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A paper that I have just had published in a journal is already starting to generate interest. I am allowed to upload a copy to Academia.edu as long as it is not the copy-edited version (peer review came up with very few changes). On the one hand I want people to read it – and this will also promote my own interests as an academic –, but I also don’t want to take potential sales away from the journal, which I like, and whose staff have been very good to me.

Will uploading it harm the journal or could it generate more interest? I have linked to the journal in the paper page on Academia.edu.

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    Peer review isn't paid. Hosting a website is as cheap as 5 bucks a month. What do you think could bring that journal in financial trouble? The thousands of dollars universities pay in a flat fee to get everyone inside their intranet access to the journal? Paywalls are a relic of the 20th century, where editors actually had to do something for their money, e.g. print work ... – image Jun 16 '17 at 23:19
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    Just to name an alternative in case the journal's wellbeing is really a major concern for you: You can often pay them extra to make your paper openly accessible on their website. My institute does this wherever possible, even where we also publish an arXiv version. I think you could argue that this paying for an unnecessary service. But it is quite convenient for the potential readers. – Emil Jun 17 '17 at 7:59
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    The purpose of a journal is to disseminate scientific work. Putting your work on Academia.edu or elsewhere serves this purpose too. If serving this purpose means that the journal goes out of business, then that's too bad for the journal. More generally, any ethical organization that serves goal X should be fine with disbanding whenever goal X is better served without the organization. If they are not, I don't think you need to feel sorry for them. – a3nm Jun 17 '17 at 11:50
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    Slight tangent: academia.edu is hardly the gold standard in making your preprint accessible; it's a social network with its fair share of dark patterns. Use arXiv in any subject where it exists; HAL where it doesn't; your own site (github pages if you don't have one) if you want to make frequent changes. – darij grinberg Jun 18 '17 at 9:43
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    @image Good luck getting hosting on the scale required for a publishing company for $5 per month. – David Richerby Jun 18 '17 at 11:31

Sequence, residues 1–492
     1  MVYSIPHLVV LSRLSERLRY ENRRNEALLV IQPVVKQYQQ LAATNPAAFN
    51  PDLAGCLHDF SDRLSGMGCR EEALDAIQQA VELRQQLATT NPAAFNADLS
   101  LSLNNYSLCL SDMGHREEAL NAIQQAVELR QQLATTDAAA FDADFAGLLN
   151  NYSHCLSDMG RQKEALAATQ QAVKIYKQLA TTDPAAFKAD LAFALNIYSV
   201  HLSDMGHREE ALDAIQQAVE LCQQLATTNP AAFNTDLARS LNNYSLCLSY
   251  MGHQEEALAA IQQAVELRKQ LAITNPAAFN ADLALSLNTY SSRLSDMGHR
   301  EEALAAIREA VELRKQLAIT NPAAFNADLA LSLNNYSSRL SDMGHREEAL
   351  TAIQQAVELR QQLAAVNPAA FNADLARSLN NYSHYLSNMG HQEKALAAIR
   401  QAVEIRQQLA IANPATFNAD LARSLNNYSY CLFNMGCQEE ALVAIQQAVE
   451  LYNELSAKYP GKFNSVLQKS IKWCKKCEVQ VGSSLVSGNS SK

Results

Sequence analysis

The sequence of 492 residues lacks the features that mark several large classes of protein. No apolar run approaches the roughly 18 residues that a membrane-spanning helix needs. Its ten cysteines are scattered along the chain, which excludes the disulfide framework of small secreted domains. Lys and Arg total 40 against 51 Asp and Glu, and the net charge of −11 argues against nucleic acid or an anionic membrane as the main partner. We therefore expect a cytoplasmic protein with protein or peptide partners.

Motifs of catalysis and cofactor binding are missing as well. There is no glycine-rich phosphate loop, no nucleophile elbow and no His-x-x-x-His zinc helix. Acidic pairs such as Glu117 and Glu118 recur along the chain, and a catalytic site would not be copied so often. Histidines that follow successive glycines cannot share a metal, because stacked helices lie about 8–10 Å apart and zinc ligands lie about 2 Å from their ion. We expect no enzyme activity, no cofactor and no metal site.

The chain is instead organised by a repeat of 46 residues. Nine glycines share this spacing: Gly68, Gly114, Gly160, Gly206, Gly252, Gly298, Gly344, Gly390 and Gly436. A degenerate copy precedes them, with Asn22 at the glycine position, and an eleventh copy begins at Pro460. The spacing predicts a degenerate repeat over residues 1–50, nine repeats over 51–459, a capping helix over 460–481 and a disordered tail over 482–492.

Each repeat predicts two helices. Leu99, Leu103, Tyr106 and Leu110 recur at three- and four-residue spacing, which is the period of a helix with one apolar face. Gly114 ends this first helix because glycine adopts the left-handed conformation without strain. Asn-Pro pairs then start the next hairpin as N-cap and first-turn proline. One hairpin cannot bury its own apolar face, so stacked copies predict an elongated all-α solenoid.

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Making the paper accessible to everyone who can't look behind the paywall might hurt the journal's publishing company a little bit by diverting some demand. However, it won't really hurt the people you have been dealing with. Moreover, the journal has given you explicit permission to publish a pre-print, so you're not going against their stated request.

At the same time, you are providing a service to

  • yourself, by increasing the reach of your paper and the citations that it will receive
  • the journal, to the extent that the preprint will attract interest to the journal and to the extent that people will cite the journal version rather than the preprint
  • the public who would otherwise not be able to look at the research. This applies in particular to readers outside of academic institutions and to scientists from poor countries.

Please upload your preprint to a freely accessible repository.

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    @C26 It could make it easier to cite the pages as they appear in the journal without having to obtain the journal version, but it's not "technically" required of a preprint. In fact, preprints can differ quite considerably, even in substance, from their journal version. – henning Jun 16 '17 at 10:01
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    I will accept this answer and upload my paper. Thank you [though of course I'm always interested to see others' inputs] too. I think it would be fair to upload it since, in addition to the first two points you raise, it does deal specifically with events in poorer countries. – C26 Jun 16 '17 at 10:40
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    Making the paper accessible to everyone who can't look behind the paywall might hurt the journal's publishing company a little bit by diverting some demand. Do you really think that's true? I've never seen an article I wanted enough to even consider paying the a la carte price set by a journal (since it's free to request from a library), and I don't see a single article having much influence on an institution's decision to subscribe. – pjs36 Jun 16 '17 at 14:26
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    @henning Evidently, we're not alone in wondering! That'll teach me to use Google, before searching here... – pjs36 Jun 16 '17 at 14:40
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    I don't recall academia.edu being actually a free pre-print service... In the sense that you need to join in order to see what people upload. This is different from posting on your homepage, or arXiv, or something like that. – Ink blot Jun 16 '17 at 19:11
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Adding a personal experience to @henning's excellent answer.

Many years ago (around 2001) I worked for a company that shall remain nameless, but was responsible for printing the majority of journals worldwide. Although I was only doing reprographics (ie, anything to do with printing / copying that wasn't the journals themselves), just before I left I did some sorting for long term filing (thousands of paper documents being sent off for microfiche scanning).